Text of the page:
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Teaching Global Citizenship
A Canadian Perspective
Edited by Lloyd Kornelsen, Geraldine Balzer, Karen M. Magro
Print ISBN: 9781773381985
Teaching Global Citizenship brings together perspectives from former and current teachers from across Canada to tackle the unique challenges surrounding educating for global awareness. The contributors discuss strategies for encouraging young people to cultivate a sense of agency and global responsibility. Reflecting on the educator’s experience, each chapter engages with critical questions surrounding teaching global citizenship, such as how to help students understand and navigate the tension at the heart of global citizenship between universalism and pluralism, and how to do so without frightening, regressing, mythicizing, imposing, or colonizing. Based on narrative inquiry, the contributors convey their insights through stories from their classroom experiences, which take place in diverse educational settings: from New Brunswick to British Columbia to Nunavut, in rural and urban areas, and in public and private schools.
Covering a broad range of topics surrounding the complexity of educating for global citizenship, this timely text will benefit those in education, global citizenship, curriculum development, and social studies courses across Canada.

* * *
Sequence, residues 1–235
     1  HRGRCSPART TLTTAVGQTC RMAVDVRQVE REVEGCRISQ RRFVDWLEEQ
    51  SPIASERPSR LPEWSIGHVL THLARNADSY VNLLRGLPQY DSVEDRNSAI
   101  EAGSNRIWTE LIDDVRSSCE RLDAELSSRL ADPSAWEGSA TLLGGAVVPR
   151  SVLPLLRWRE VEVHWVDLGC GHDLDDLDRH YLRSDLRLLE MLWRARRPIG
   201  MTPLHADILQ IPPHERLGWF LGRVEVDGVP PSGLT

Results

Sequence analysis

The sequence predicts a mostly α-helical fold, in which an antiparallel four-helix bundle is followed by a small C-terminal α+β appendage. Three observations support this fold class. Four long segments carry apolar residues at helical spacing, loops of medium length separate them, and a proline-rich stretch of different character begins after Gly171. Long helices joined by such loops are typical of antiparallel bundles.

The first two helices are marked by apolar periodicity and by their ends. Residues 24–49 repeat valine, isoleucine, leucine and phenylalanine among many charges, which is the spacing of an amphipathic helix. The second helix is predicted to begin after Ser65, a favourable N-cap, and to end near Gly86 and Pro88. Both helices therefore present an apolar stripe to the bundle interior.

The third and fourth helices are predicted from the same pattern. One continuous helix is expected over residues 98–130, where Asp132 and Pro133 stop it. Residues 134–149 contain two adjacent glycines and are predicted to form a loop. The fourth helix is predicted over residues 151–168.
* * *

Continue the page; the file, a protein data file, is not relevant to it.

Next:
- grounded in narrative inquiry, experiential learning, and teacher-based research
- includes study questions at the end of each chapter
- written by teachers for teachers with the accessibility of the material, diverse voices, and a broad spectrum of classroom settings in mind
Table of Contents
Introduction—Lloyd Kornelsen, Geraldine Balzer, Karen M. Magro
Section I: Knowing and Doing: What Is Global Citizenship, and How Might We So Educate?
Chapter 1 Encouraging Literacies of Compassion and Critical Insight: Working Toward Global Citizenship Education—Karen M. Magro
Chapter 2 Global Problems Require a Global Citizenry: The Case for Teaching Global Citizenship—Paul Orlowski and Ghada Sfeir
Chapter 3 The Stories We Tell About the World: Theory and Narrative in the Global Citizenship Classroom—Jennifer Muir
Chapter 4 The Place of Local in a Global World: Two Teachers Transact in their Reading of Seedfolk—Cynthia M. Morawski and Catherine-Laura Dunnington
Chapter 5 Opening Doors: Lessons on Global Citizenship from the Friendly Skies to the Inclusive Classroom—Heidi Reimer and Ken Reimer
Section II: Being: As Teachers of Global Citizenship, What Are Our Responsibilities?
Chapter 6 Continuing the Work of Transformative Teaching: Offering Students Global Citizenship—Larry Paetkau
Chapter 7 Curriculum Encounters: Extending Understandings of Self and Other in a Global World—Timothy Skuce
Chapter 8 Global Citizenship in Rural Canada: Demographic Changes and Opportunities—Lyle Hamm, Matt Maston, and John McLoughlin
Chapter 9 Teasing Threads: (Dis-)Entanglement of a Global Studies Classroom—Timothy S. Beyak
Section III: Living Together: What Is the Impact of Canada’s Colonial History on Teachers, Students, and Schools?
Chapter 10 Where in the World is Neuschwanstein? A Postcolonial Reflection on Global Citizenship and Geographic Isolation—Geraldine Balzer
Chapter 11 Beyond the Bake Sale: Redefining Global Issues for At-Risk Youth—Pamela S. Schoen
Chapter 12 Ethics, Relationality, and Global Citizenship Education: Decolonial Gestures Within Complicity—Jeanie Kerr
Chapter 13 Thomas and Me: Complicity, Complexity, and Teaching—Marc Kuly
About the Contributors